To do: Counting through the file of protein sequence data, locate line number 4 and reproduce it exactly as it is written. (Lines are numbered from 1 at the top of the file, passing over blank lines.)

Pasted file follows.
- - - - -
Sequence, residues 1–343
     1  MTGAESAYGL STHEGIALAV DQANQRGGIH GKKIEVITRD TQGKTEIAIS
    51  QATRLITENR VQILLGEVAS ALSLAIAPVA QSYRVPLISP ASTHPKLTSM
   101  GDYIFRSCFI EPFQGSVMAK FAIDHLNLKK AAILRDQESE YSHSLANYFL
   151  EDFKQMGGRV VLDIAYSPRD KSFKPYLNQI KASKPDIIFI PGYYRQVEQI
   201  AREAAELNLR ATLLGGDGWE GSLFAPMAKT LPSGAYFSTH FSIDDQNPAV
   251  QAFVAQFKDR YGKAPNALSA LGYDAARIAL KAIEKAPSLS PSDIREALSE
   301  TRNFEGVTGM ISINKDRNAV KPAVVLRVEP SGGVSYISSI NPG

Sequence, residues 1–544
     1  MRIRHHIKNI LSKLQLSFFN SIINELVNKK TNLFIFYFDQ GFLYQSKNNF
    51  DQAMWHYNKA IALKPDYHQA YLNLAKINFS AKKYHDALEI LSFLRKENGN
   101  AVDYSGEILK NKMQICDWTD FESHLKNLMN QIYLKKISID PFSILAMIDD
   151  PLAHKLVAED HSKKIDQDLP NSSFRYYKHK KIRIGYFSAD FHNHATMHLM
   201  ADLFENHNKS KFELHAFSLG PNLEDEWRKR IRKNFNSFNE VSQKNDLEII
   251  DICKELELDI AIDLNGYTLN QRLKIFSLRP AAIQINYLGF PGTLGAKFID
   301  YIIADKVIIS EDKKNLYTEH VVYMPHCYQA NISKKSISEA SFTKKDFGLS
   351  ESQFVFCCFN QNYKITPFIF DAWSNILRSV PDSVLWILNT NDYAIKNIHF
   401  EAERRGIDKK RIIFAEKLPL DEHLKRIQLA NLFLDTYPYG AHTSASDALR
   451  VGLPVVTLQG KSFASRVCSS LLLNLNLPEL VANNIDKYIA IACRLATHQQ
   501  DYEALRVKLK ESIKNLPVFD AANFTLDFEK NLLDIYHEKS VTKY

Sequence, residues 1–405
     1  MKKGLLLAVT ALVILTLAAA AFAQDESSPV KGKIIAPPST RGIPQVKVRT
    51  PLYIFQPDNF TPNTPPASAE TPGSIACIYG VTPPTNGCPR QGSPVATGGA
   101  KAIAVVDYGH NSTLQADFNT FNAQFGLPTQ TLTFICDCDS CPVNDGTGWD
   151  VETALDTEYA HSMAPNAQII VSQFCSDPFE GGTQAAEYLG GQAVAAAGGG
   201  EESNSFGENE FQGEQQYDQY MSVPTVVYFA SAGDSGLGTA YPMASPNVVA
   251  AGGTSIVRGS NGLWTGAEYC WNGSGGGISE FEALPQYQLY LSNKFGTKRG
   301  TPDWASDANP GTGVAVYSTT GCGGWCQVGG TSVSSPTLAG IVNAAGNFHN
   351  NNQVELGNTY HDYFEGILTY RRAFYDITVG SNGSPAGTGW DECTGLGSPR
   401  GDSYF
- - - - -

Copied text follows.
   101  GDYIFRSCFI EPFQGSVMAK FAIDHLNLKK AAILRDQESE YSHSLANYFL